Saudi Journal of Gastroenterology
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EDITORIAL Table of Contents   
Year : 2009  |  Volume : 15  |  Issue : 4  |  Page : 215-216
Saudi Journal of Gastroenterology: A tale of passion and perseverance


The Editors, Saudi Journal of Gastroenterology, Riyadh, Saudi Arabia

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Date of Web Publication30-Sep-2009
 

How to cite this article:
Sanai FM, Abdo AA, Al Zubaidy A, Al Mofleh I, El Mouzan M. Saudi Journal of Gastroenterology: A tale of passion and perseverance. Saudi J Gastroenterol 2009;15:215-6

How to cite this URL:
Sanai FM, Abdo AA, Al Zubaidy A, Al Mofleh I, El Mouzan M. Saudi Journal of Gastroenterology: A tale of passion and perseverance. Saudi J Gastroenterol [serial online] 2009 [cited 2020 Nov 27];15:215-6. Available from: https://www.saudijgastro.com/text.asp?2009/15/4/215/56086


Someone once said that success is failure turned inside-out. The relevance of those words resonated not too far from our subconscious when, three years ago, the editorial team of the Saudi Journal of Gastroenterology (SJG) sat down to discuss the future of the journal. After 12 years of publishing, SJG was not indexed in any of the major scientific databases and was in a truly dire state of affairs: article submissions were at an all-time low, interest and readership of the journal was flagging and, reflecting a stagnation of purpose, the journal had no electronic version, or an online peer-review system, or a proper scientific publisher.

Contrast this with the present situation. Today we stand at the threshold of success. In July 2009, SJG became indexed in PubMed and also became included in Index Medicus/MEDLINE. In their review of the journal, SJG was considered 'essential' reading for clinicians in the field and in the region. This is a very prestigious achievement as only six biomedical journals from Saudi Arabia are listed in this index. This also makes SJG the only indexed gastroenterology/hepatology journal from the Middle-Eastern region. The journal is also archived with PubMed Central, making it compliant with the open access policy of the National Institute of Health, USA.

In 1994, the Board of Directors of the Saudi Gastroenterology Association (SGA), under the pioneering leadership of its first president, Prof. Faleh Al Faleh, [1],[2] appointed Professors Mohammed El Mouzan and Ibrahim Al Mofleh as the founding editors of SJG. The task of laying the foundation for a new scientific medical journal was not easy. The challenge was in the struggle, marked by poor resources of a fledgling association and paucity of scientific data from the region. Into this stepped the grit and determination of the editorial team who poured their personal time, effort and resources into the Journal, soliciting articles from leading authors across the world and plying a system unabashedly tilted towards established international journals.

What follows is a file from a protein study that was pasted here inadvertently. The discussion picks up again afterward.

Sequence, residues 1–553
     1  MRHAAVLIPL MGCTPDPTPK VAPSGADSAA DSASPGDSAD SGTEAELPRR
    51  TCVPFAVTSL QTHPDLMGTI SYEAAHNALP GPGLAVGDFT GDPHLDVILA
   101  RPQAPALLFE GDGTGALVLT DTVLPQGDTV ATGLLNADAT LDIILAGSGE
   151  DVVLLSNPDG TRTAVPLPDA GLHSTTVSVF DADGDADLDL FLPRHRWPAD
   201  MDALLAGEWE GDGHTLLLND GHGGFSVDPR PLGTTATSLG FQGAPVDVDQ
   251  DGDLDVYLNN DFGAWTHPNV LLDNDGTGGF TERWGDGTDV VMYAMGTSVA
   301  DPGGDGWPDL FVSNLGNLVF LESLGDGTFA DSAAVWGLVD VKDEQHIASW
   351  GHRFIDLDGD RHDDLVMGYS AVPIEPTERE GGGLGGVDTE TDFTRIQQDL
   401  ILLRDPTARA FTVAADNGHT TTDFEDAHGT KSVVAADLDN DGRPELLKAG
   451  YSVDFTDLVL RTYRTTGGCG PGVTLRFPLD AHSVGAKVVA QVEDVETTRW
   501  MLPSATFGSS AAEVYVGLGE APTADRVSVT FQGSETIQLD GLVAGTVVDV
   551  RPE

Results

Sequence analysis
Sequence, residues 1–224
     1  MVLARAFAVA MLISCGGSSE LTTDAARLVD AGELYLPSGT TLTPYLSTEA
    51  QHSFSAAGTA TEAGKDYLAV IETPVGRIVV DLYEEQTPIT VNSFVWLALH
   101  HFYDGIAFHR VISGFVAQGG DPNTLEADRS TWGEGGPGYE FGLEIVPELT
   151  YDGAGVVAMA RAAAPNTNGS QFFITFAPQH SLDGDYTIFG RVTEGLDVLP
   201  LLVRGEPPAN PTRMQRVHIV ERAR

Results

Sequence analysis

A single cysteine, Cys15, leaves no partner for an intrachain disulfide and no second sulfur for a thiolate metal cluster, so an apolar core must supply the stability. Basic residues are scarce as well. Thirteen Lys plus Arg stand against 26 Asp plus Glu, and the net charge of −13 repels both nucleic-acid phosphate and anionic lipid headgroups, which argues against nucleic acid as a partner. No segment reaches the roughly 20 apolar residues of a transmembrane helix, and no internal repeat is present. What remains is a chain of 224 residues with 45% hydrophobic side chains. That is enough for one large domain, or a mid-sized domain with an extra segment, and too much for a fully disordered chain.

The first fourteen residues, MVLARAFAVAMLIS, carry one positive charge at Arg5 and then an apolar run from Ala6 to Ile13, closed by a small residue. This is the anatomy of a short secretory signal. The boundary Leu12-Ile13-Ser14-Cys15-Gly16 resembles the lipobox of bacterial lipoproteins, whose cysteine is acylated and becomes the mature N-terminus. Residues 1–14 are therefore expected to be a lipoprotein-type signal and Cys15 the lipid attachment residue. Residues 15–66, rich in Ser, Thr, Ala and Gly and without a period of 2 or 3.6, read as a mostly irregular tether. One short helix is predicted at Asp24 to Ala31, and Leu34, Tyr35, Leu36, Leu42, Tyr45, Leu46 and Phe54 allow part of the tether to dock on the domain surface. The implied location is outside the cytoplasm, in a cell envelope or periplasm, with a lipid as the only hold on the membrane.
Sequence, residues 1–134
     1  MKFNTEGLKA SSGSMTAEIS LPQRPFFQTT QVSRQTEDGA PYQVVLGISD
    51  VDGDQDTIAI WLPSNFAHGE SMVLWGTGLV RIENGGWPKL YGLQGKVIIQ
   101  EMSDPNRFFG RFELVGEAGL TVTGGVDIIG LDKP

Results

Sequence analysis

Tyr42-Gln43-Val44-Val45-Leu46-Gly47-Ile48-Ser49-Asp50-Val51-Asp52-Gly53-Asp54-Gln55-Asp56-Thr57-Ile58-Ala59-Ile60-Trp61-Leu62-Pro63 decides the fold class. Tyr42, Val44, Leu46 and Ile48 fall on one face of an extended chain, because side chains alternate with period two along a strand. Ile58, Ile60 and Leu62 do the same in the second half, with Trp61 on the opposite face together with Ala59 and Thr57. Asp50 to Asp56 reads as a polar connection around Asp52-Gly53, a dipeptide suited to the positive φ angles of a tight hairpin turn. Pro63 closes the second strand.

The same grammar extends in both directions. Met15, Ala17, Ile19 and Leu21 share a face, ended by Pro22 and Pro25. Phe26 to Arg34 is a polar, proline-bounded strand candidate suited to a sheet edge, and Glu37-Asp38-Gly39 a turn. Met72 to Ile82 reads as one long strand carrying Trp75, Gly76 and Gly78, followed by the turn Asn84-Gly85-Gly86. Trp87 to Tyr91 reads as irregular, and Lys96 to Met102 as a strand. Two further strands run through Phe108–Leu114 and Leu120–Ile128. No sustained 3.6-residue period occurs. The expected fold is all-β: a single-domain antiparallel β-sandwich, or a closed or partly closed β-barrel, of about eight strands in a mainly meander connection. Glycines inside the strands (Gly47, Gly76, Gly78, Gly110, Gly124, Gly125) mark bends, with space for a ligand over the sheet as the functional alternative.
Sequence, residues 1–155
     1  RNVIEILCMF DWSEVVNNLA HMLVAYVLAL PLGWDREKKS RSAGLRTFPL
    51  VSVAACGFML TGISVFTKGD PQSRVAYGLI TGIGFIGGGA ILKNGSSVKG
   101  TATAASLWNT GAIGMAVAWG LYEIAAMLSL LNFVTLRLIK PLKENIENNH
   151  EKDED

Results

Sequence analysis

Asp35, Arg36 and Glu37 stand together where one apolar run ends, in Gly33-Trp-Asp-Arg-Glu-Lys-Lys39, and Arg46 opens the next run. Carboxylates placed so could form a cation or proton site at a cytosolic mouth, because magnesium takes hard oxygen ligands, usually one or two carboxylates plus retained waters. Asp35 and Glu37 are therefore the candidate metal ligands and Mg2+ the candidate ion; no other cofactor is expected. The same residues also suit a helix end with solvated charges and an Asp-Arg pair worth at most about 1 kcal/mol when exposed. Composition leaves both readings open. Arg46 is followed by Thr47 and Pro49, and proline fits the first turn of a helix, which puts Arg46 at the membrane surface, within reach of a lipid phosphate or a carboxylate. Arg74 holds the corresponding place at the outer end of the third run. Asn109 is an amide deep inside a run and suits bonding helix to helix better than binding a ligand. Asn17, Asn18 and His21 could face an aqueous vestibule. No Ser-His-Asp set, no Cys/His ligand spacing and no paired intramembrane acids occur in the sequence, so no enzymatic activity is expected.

There was no technical help for the journal, no English language editor available, and certainly no wealth of prior experience in journal management. Galley proofs required manual corrections by the editorial team, corrected word-by-word and page-by-page in the most tedious manner imaginable. Grammar, syntax, language, style and even content were all corrected and managed by the editorial team. A determination to succeed was thus the only factor that made the team persevere. Such were the challenges confronted by the editors, from which we can but only take pride in the results they have borne today.

There were some bright sparks, though. First there was the enthusiasm of the Saudi gastroenterology community which included amongst them the philanthropy of Dr. Mohammed Al-Mofarreh who contributed financially and scientifically to the journal, and the benevolence of the Dallah Hospital in Riyadh that provided financial and administrative support during the early years of the journal. But the success of a journal cannot be brought about by individual philanthropy and the interest of a few scientific contributors; a scientific journal must harness the potential to reach out to the greater scientific community at large. And then, only then, can it muster the staying power essential within the community of ever-expanding lists of medical journals.

It was in this scenario that SJG reached out to Medknow Publications, a scientific publishing house which was both, affordable and efficient, and ideally placed to suit the needs of evolving biomedical journals from the developing world. Medknow Publications did not merely serve as publishers for SJG; they fulfilled a parallel role of an advisory body. By joining hands with Medknow, the journal was immediately launched online thereby improving its visibility, and increasing the submission rate from 32 articles in 2006 to 123 in 2007 and poised to reach 400 submissions this year, in effect representing a twelve-fold increase in the submission rate. [3] This is reflected in the increase in journal issues from 3 to 4 per year, while at the same time the article rejection rate has steadily increased from 10% in 2006 to 66% in 2008 clearly suggesting that there has been no compromise in the quality of published articles. This is also evident by the increase in basic science papers published in the journal.